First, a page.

The Shadow Man.
It also sounds like a curse. No one, not even a parent, should have such power over our imagining of ourselves. Nor ought any child need to love him back so much, at whatever cost. But David taught Mary to read when she was 3; to memorize the Latin Mass when she was 5; to dwell in libraries and ideas. "He ripped a picture of Beethoven out of the encyclopedia and hung it near my toy box." The only other picture allowed in the house was a print of Holbein's Thomas More; no landscapes, no still lifes, certainly not any modern art, which he considered "dangerous, and ugly, too." Not even any television. Instead, the Easter show at Radio City, where the Rockettes dressed up as angels and nuns. And Six O'Clock Saints, where Mary learned the story of Saint Nicholas, who reassembled little boys who had been dismembered and pickled. And in a magazine her father edited, The Children's Hour, tales of the super-dutiful daughters of Prospero, Rip Van Winkle and the Chinese mandarin Kuan-Yo.
In Lafcadio Hearn's "The Soul of the Bell," Kuan-Yo, an adviser to the emperor, supervises the construction of the world's most perfect bell. But the heated metals of gold, silver and brass won't blend, and the bell can't be cast. To save his life, Kuan-Yo consults the usual wise old man on the usual mountain, who explains that only the body of the usual spotless virgin can cause the metals to blend. Naturally, Kuan- Yo has just such a daughter, who promptly flings herself into the vat, crying "For thy sake, O father." Presto: ding-dong. "The perfect life," says a sarcastic Mary, "the perfect death, the graceful fall into the boiling metal.... Endlessly entombed, endlessly beloved, endlessly revered, the body turns to music, the perfection of the bell's tone repeats itself in the receptive and ecstatic air." And yet, not believing a word of Hearn, what she does in this aurora of a memoir is turn herself into a bell. "Ecclesiastical language is full of names for vessels," she tells us: "chalice, ciborium, monstrance, pyx; there must be containers to enclose, keep safe, keep intact, keep protected from the world's contamination the sacred matter." The world contaminated her only father. Too late to protect him, Mary's bell will ring his vespers.
Because the David Gordon who wrote poems to his daughter--from whom she learned "the sovereignty of the mind and the imagination," after whom she named her son--was also the David Gordon who, in the twenties, edited a semi-porn girlie magazine called Hot Dog; and, in the late thirties and early forties, wrote anti-Semitic articles for Catholic International and the Jesuit weekly America; and, in the early fifties, wrote speeches for Joe McCarthy. Even his biography of the poet Paul Claudel, written a decade after the terrible news of the death camps, was actually a diatribe against Andre Gide, Modernism and "the infection of the Jews": "The Jew Proust. The Jew Bergson. The Jew Masoch..." More remarkably, David Gordon had himself been born a Jew, only converting to Roman Catholicism in 1937, just in time to side with Franco in the Spanish Civil War and to complain in America about the international brigades of "Jewish soldiers" gone to Spain "to help murder nuns in Lincoln's name."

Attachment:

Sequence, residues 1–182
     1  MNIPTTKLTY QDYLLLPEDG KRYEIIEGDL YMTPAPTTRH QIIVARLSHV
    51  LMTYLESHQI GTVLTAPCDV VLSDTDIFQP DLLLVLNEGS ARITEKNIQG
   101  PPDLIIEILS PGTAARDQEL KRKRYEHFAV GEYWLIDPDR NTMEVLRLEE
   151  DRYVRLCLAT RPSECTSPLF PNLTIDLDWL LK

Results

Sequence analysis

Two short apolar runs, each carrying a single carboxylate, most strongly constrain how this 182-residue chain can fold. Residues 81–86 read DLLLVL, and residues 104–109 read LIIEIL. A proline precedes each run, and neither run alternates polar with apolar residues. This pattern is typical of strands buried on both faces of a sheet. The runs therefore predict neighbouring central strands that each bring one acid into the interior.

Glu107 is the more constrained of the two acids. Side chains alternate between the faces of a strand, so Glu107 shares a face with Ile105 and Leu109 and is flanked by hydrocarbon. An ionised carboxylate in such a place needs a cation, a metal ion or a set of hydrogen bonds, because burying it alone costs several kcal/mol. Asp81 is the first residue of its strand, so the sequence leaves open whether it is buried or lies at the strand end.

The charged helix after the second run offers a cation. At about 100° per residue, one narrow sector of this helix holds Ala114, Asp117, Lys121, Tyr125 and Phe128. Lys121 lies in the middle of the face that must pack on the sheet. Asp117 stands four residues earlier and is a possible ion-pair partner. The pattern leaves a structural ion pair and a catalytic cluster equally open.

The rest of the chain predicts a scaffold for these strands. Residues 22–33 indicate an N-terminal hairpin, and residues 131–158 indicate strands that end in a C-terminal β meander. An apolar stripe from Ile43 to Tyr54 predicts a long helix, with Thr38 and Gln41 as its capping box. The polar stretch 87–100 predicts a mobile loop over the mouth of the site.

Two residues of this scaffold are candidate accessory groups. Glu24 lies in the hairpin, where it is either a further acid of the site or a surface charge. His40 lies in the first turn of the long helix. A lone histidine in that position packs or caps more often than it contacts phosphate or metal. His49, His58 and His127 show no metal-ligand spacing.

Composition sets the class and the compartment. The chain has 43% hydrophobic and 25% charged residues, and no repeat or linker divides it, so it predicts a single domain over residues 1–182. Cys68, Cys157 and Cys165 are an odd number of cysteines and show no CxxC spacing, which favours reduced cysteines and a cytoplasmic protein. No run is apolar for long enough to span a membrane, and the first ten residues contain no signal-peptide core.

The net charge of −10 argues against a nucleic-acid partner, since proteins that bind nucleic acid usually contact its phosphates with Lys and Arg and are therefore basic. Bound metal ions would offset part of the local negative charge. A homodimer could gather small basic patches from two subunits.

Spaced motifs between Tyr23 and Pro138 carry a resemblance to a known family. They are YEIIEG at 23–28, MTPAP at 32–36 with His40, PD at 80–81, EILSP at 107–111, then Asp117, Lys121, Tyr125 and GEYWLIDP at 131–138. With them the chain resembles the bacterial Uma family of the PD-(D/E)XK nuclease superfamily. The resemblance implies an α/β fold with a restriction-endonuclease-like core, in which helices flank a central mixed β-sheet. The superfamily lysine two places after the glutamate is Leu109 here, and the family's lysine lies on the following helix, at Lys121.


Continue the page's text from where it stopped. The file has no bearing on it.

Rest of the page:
So he died on her, this changeling, and his secrets with him: "I am in the dark room, waiting to be allowed to see him, to wave to him. I have always been. I have always been waiting. I have always known that if they let me see him, he will never die. I know what the sight of me means to him. Everything." And what the death of him meant to her was a fall into her mother's Irish-Sicilian world of grudge and grievance; of polio, alcoholism and Alzheimer's; of My Little Margie on Friday night television and something more mysterious on the bedroom wall: "a picture made of slats. You turned your head one way: it was the Scourging at the Pillar. Another turn of the head produced Jesus Crowned with Thorns. If you looked absolutely straight ahead, you saw the Agony in the Garden"--the world, in other words, of Mary Gordon's novels, of Final Payments, The Company of Women, Men and Angels and The Other Side.
Though she wouldn't discover Hot Dog, pressed between pages of the Catholic Encyclopedia, until she was 12, which bared breasts, provocative bums and Little Girtie Ginger sex jokes she flushed immediately down a toilet, it was not as if half-orphaned Mary, afraid of mayonnaise and gristle, hadn't known she was partly Jewish. Her father told her his ancestors had been wealthy and cultivated French Jews; that his grandfather had been a rabbi; that his father owned a saloon. (He also told her, or so she thinks she remembers, that he was an only child; that he had gone to Harvard with Walter Lippmann, seen Oxford's dreamy spires in the era of Brides-head Revisited, consorted in Left Bank cafes with poets like Claudel and been blacklisted by the Anti-Defamation League of B'nai B'rith, which was why he couldn't hold a job driving a taxi or tending a bar.) In his absence, moreover, her mother's family had always been there to remind her, whenever she was reading, dreaming or otherwise difficult: "That's the Jew in you."